Originally Posted by Ragna
Steve just checked B&H prices approx Ultravids 8x42 £750 Swarovski 8.5x42 £820 Nikon ventura 8x42 £500.The Leica's are cheaper over in America but the Swaro's are more expensive,The Nikon's they are giving away best price i have found over here is £725.Almost worth flying out to get a pair.
Now thats' a good idea, Graham - buy them in Florida and a tour of the Everglades could put them to good use, too! I'm not sure but you might be collared for 17.5% VAT + duty on your return, won't you?
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Old Thursday 12th February 2004, 08:30   #38
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Quote:
Originally Posted by Tim Allwood
I've never understood the problem of a few extra grams on a pretty light pair of bins anyway (HGs), when birders carry monstrous scopes and heavy tripods. Seems back to front to me.
Not really. Binoculars are around my neck all of the time when I'm in the field but I'm only actually carrying my scope and tripod for a minority of the time. Agree that the 8.32 HGs are light enough not to worry though. Anything up to 800g doesn't bother me.
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Old Thursday 12th February 2004, 19:57   #39
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The problem with the notion of buying the optically best scope - in the context of digiscoping - is that very few objective tests actually exist. Most digiscoped images are shown at 1/4th of the images original resolution and have been worked over in an image processing program. Things like chromatic aberration artifacts are routinely removed by people interested in showing nice photos.

Most scope reviews are highly subjective and entirely based on visual observation - not digiscoped images. This leaves the buyer wondering how much sharper a photo digscoped with a 1 or 2 ranked scope will be when compared to a scope ranked 4 or 5. Was the lower ranking due to a color cast that is of virtually no consequence in a photo? Was there some other factor that has little to do with final photo quality?

Furthermore, what makes a good viewing scope and what makes a good digiscoping scope aren't necessarily the same. I much prefer a straight scope for digiscoping, but would rather view through an angled scope. Its hard to dislike very long eye-relief for digiscoping. But some people prefer shorter eye reliefs for visual observation. Other ergonomic issues might factor in as well.

So in the end, its very much a balancing act between how often the scope will be used visually and how often it will be used for digiscoping. And then there is always the "value" issue. Even when purchasing a top end optic, one still should ask the question of whether the fine points that distinguish two very close contenders really are worth any significant extra cost. They may very justify the additional expense. But if the money is dear, then this must certainly be weighed.
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Old Thursday 12th February 2004, 21:42   #40
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A fine, balanced analysis and explanation, Jay - what complicates matters further is the idiosyncratic ways in which we choose items that are very expensive - and what influences come to bear on the decision making process.

I was speaking to someone today whose friend amazingly changed his new (month-old) Leica 77mm TeleApovid for a new Swaro 80 the day after he looked through the latter.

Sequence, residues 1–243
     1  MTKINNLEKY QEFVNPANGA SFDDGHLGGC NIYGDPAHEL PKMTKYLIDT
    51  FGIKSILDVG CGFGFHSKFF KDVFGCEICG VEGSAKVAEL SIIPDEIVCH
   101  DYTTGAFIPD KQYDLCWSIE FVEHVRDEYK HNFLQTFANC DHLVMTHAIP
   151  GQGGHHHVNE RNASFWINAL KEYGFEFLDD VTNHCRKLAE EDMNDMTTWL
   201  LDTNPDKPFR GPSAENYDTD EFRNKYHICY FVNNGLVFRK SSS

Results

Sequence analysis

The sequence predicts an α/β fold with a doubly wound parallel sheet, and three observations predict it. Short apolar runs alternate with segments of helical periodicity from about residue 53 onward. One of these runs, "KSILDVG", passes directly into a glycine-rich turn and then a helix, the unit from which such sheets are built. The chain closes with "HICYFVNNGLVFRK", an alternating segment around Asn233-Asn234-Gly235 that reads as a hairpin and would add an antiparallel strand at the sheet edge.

I suggested this was plain daft as I have looked through these scopes alongside my Nikon ED82 and the differences just are not objectively sufficient to choose one above the others. Needless to say I was rebuffed. A kind of madness borne of our affluence, I suppose.
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Old Friday 13th February 2004, 03:19   #41
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Originally Posted by scampo
A fine, balanced analysis and explanation, Jay - what complicates matters further is the idiosyncratic ways in which we choose items that are very expensive - and what influences come to bear on the decision making process.
<snip>
I suggested this was plain daft as I have looked through these scopes alongside my Nikon ED82 and the differences just are not objectively sufficient to choose one above the others. Needless to say I was rebuffed. A kind of madness borne of our affluence, I suppose.
Thanks. I'm inclined to agree with you but I'd hold out a little bit on the possibility that there are very real differences in the way we see and possibly moreso in the way our brains interpret what we see. I remember recently someone mentioning how much clearer a particular digiscoping result was compared to another. But a simple change in color balance suddenly made them appear sharper. The significant color cast lead the person to perceive a lack of sharpness.

OTOH, I know from personal experience how we adapt ourselves to our perceptions. I've read true blind tests where high end audio equipment cannot be differentiated from mid-level mass market items except by a very few and then usually only by listening to very unmusical test tones.

It would be interesting to try to try to design such a "blind" scope test.
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Old Friday 13th February 2004, 08:42   #42
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A blind test (what a lovely metaphor, here!)?

It seems odd, on the surface, that no magazine does such a thing as it cannot be beyond their ability. But, on reflection, I don't think they have any need as they operate to suit their market - and a rather affluent, idiosyncratic and untechnical market it probably is, in the main (interestingly, not reflected within BF).

An objective and technical review would appeal only to the minority, these days, I suspect and - from a marketing view - would be a waste of time and money.

I have seen photo magazines go the same way over the years, and the reasons are surely the same. As a youngster and a keen photographer, I was fascinated by objective tests; yet, my own two sons, both far better educated and more knowledgable in many ways than I was at their ages, have no interest in such things; and their friends are the same.

Such information seems to have become a thing of the past for the majority - a quirkiness that hangs only in a few. And now to a paradox: an almost perverse fascination seems to exist with arcane technical details at the point of sale: car and electronic manufacturers love to use techno-speak, especially acronyms and abbreviations, for example, RAM, rpm, Mb, Mp, LCD, vario, and so on. Such terms impress would-be customers, it seems, and help them decide on which products to purchases. Yet few either know or care what the terms trul;y mean.

Odd indeed.